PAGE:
Hundreds of traditionalist Anglican clergy will meet this weekend in London to discuss whether to enter the Catholic Church in light of Pope Benedict XVI’s creation of an Anglican “ordinariate.”
About 500 members of members of the group Forward in Faith will attend the meeting, the Times Online reports. Many of them are waiting for the Vatican’s publication of a Code of Practice, which will provide more detail about the proposed new church structure organized under an Apostolic Constitution.
The chairman of Forward in Faith, Bishop of Fulham, England John Broadhurst, issued a statement on Tuesday responding to the Vatican announcement that a structure will be created to assist Anglicans who want to enter into communion with Rome.
Bishop Broadhurst said that Anglican Catholics have had “frequently expressed hope and fervent desire” to be enabled to enter into full communion with Rome while retaining “every aspect of their Anglican inheritance which is not at variance with the teaching of the Catholic Church.”
“We rejoice that the Holy Father intends now to set up structures within the Church which respond to this heartfelt longing. Forward in Faith has always been committed to seeking unity in truth and so warmly welcomes these initiatives as a decisive moment in the history of the Catholic Movement in the Church of England.”
He closed his message with the Latin phrase “Ut unum sint,” Jesus’ words in the Gospel of John meaning “may they be one.” The phrase is also the title of Pope John Paul II’s 1995 encyclical on ecumenism.
Jack Leo Iker, Episcopal Bishop of Ft. Worth, Texas, also responded to the proposed church structure in a Tuesday message.
“Many Anglo-Catholics will welcome this development as a very generous and welcoming offer that enhances the Pastoral Provision that has been in place for several years for those seeking reunion with Rome,” he commented. “Other Anglicans who desire full communion with the See of Peter would prefer some sort of recognition of the validity of Anglican orders and the provision for inter-communion between Roman Catholics and Anglicans.”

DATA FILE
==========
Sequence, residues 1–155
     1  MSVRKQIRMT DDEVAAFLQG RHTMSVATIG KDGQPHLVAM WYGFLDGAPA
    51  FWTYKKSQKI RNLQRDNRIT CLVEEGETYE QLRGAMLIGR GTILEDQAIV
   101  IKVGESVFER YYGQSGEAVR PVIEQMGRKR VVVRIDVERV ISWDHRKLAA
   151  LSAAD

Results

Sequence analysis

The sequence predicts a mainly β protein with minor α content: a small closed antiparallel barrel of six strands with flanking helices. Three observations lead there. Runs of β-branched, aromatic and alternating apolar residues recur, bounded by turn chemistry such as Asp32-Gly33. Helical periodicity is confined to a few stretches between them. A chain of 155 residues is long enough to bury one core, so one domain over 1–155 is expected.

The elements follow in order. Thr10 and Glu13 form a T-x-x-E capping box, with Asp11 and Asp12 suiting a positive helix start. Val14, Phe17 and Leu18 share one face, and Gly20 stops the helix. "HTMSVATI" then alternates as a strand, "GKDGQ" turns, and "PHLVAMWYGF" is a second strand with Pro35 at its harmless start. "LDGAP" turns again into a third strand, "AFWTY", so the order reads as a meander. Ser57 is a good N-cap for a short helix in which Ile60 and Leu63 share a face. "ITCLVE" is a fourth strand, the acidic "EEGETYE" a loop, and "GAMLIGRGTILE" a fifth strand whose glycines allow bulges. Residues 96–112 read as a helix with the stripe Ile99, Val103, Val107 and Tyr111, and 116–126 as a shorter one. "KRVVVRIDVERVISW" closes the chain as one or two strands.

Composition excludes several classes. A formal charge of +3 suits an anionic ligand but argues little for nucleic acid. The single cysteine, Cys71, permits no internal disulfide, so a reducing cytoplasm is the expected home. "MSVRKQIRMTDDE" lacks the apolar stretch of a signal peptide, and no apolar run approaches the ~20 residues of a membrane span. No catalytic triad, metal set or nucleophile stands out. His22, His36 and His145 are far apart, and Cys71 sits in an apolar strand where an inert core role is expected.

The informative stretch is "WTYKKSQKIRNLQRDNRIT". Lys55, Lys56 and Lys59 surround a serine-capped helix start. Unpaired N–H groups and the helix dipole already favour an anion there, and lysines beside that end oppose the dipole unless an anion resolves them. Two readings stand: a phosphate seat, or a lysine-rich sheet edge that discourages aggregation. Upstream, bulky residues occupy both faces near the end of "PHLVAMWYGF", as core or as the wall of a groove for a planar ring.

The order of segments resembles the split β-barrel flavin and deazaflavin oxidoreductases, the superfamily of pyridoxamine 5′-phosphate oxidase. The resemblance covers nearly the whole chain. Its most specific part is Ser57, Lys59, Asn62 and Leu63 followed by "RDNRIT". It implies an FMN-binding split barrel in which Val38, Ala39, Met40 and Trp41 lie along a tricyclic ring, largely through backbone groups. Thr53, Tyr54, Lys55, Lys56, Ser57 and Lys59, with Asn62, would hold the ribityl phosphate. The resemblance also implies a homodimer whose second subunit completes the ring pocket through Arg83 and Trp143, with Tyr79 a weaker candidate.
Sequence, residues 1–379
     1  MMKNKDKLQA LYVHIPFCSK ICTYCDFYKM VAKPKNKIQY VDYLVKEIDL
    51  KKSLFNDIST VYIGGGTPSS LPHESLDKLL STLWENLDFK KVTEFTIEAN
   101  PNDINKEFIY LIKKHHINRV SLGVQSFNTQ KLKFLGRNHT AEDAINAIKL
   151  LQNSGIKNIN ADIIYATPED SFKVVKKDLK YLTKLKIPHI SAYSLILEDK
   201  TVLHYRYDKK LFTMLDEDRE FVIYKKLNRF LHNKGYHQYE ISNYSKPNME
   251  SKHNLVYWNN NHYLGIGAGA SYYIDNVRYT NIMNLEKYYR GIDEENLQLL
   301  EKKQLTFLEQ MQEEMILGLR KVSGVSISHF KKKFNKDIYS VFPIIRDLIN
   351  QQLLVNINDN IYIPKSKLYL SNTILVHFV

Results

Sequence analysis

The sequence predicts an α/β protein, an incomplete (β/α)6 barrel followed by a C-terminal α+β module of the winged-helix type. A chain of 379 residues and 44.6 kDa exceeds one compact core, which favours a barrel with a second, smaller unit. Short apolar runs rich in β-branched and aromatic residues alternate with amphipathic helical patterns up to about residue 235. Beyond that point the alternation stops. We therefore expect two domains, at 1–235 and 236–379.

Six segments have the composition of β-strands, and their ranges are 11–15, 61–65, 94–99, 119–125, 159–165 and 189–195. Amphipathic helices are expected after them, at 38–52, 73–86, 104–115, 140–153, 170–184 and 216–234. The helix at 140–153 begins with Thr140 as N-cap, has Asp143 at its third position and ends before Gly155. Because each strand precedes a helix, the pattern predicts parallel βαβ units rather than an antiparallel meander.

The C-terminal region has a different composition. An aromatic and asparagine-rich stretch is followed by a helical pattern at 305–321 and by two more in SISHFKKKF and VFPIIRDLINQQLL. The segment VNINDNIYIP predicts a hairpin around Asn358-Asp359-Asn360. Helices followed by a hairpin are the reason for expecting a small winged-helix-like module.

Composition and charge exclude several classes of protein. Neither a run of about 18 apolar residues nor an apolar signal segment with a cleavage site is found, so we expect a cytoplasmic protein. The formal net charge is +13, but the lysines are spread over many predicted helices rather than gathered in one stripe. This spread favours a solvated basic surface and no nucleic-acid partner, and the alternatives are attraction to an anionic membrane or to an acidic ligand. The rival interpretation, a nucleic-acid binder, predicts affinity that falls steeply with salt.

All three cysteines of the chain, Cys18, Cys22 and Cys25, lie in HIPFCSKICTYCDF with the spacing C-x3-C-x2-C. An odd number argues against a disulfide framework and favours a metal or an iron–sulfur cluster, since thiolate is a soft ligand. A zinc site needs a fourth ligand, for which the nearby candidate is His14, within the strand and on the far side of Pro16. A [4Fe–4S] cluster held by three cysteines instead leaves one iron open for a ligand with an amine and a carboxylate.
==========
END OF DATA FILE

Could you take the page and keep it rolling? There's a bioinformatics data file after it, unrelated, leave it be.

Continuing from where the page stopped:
He said the virtues of the proposal include the maintenance of “certain aspects” of Anglican worship and spirituality, but he added that not all Anglo-Catholics can accept certain Catholic teachings and do not believe they must first “convert to Rome” to be truly catholic Christians.
The proposal comes at a “difficult time,” Bishop Iker continued, noting the lawsuits against his diocese by the Protestant Episcopal Church of the U.S.
His diocese voted to leave the Episcopal Church in November 2008, choosing to join the Anglican Province of the Southern Cone.
“This diocese stands for orthodox Christianity, and we are increasingly at odds with the revisionist practices and teachings of the official leadership of The Episcopal Church,” he had said at the time of the vote.
The bishop closed his Tuesday statement by eschewing “hasty decisions” and by pledging to continue to work and pray for Christian unity.
Bishop Iker’s predecessor, Clarence C. Pope, Jr., converted to Catholicism in 2007.
More than 440 clergy left the Church of England after the Anglican Church’s General Synod voted in 1992 to ordain women priests, the London Times says. Some subsequently returned.
Pope Benedict’s proposal has reportedly made their conversion easier by allowing Anglicans to retain crucial aspects of their identity and by allowing them to set up seminaries.
However, some may face financial difficulties. The London Times reports that Catholic priests in Britain earn slightly over one-third the salary of Anglican clergymen.
While Anglican clergy who left the Church of England after its 1992 synod received a compensation package, the Archbishop of Canterbury has indicated there will be no similar package this time.
Bishops Andrew Burnham and Keith Newton, the two prelates appointed by the Archbishop of Canterbury to minister to Anglicans opposed to women priests, advised against “sudden decisions.”
They said Anglicans will want to stay within the Anglican Communion, while others will want to make “individual arrangements.”
“A further group of Anglicans, we think, will begin to form a caravan, rather like the People of Israel crossing the desert in search of the Promised Land,” they commented.
The two bishops suggested Feb. 22, the Feast of the Chair of Peter, as an appropriate day for priests and laity to make an “initial decision” about whether to “explore further” Pope Benedict’s proposal.